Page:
Open Access

Two types of laminolysis in adolescent athletes

  • Ryo Miyagi1, 3,
  • Koichi Sairyo4Email author,
  • Toshinori Sakai3, 2,
  • Hiroshi Yoshioka1,
  • Natsuo Yasui3 and
  • Akira Dezawa4
Journal of Orthopaedics and TraumatologyOfficial Journal of the Italian Society of Orthopaedics and Traumatology201213:206

DOI: 10.1007/s10195-012-0206-y

Received: 13 October 2011

Accepted: 1 July 2012

Published: 20 July 2012

Abstract

Bony defects in the spine are divided into three main types: spondylolysis, pediculolysis, and laminolysis. Lumbar spondylolysis is a well-known stress fracture that occurs frequently in adolescent athletes. Pediculolysis means stress fracture of the pedicle, which sometimes occurs subsequent to unilateral spondylolysis. Laminolysis is a rarely reported stress fracture similar to spondylolysis and pediculolysis that sometimes causes low back pain (LBP). However, its pathomechanism has not been elucidated. Recently, we encountered four adolescent athletes with symptomatic laminolysis. Mean age was 15.8 (range 15–17) years. All subjects reported severe LBP exacerbated by extension of the lumbar spine, and radiology revealed two types of laminolysis: hemilaminar type and intralaminar type. To elucidate the mechanisms of each type, we reviewed a biomechanical study, and found that the hemilaminar type was thought to be subsequent to contralateral spondylolysis, while the intralaminar type might be a result of a stress fracture due to repetitive extension loading.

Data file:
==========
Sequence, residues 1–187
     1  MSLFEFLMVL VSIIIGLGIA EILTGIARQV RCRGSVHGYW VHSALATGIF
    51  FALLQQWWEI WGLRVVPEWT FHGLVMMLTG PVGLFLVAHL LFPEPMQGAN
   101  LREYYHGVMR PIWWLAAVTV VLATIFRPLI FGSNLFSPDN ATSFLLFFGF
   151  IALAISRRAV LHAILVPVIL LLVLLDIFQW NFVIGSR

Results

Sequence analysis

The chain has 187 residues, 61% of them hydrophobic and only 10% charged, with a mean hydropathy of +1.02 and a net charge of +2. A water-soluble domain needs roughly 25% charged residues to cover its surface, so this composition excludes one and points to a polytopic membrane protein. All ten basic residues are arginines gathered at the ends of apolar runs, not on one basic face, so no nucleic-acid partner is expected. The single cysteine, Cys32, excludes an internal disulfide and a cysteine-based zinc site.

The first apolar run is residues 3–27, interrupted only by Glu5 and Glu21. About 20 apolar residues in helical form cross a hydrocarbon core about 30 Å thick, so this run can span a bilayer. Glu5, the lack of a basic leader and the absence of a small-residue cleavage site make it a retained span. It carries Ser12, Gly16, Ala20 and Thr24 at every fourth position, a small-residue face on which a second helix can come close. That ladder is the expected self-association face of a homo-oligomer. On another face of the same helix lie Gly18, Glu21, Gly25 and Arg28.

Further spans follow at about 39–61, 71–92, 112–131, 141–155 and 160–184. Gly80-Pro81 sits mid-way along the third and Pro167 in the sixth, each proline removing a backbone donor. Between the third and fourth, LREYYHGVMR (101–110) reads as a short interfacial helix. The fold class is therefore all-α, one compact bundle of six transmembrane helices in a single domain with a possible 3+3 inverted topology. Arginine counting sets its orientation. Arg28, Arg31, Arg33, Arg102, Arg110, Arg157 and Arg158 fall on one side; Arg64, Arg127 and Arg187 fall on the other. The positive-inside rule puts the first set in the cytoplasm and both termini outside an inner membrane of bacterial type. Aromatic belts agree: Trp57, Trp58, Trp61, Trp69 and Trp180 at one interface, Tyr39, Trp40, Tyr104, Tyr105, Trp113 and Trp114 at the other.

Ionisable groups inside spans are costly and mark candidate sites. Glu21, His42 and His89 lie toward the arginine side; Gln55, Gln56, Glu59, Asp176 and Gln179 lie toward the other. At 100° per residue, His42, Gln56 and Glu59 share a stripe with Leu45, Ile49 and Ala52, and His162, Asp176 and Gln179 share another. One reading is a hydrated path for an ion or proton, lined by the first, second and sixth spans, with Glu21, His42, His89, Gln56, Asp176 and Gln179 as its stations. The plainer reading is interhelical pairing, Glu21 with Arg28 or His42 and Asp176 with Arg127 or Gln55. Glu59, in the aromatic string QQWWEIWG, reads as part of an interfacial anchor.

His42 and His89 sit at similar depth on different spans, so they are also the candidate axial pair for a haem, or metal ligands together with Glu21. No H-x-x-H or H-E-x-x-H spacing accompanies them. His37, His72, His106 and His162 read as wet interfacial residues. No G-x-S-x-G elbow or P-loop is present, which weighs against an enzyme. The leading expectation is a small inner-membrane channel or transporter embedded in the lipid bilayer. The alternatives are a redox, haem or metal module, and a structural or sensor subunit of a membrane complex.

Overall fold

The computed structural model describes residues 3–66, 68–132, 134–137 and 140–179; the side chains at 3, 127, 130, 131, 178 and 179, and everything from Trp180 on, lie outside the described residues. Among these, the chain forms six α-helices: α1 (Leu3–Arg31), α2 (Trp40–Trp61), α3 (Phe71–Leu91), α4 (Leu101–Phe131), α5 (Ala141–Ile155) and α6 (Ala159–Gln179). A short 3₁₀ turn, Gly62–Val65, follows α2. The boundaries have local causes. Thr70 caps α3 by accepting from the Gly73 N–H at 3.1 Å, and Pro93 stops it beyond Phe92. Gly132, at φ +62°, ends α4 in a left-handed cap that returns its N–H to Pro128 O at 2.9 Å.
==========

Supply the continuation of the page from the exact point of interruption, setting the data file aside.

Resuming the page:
Keywords

Laminolysis Spondylolysis Retroisthmic cleft Lumbar spine Laminar fracture Stress fracture

Introduction

Bony defects in the posterior elements of the spine are divided into three main types: spondylolysis, pediculolysis, and laminolysis. Lumbar spondylolysis is a well-known stress fracture which occurs frequently in adolescent athletes [1, 2], and is found in around 6 % of the general adult population [3, 4]. Pediculolysis means stress fracture of the pedicle, which sometimes occurs subsequent to unilateral spondylolysis [5]. Laminolysis is a defect in the lamina, similar to spondylolysis and pediculolysis, and is reported to cause low back pain (LBP) in adolescent athletes [6]. Although laminolysis is regarded as a stress fracture [6], its pathomechanism has not been clearly elucidated.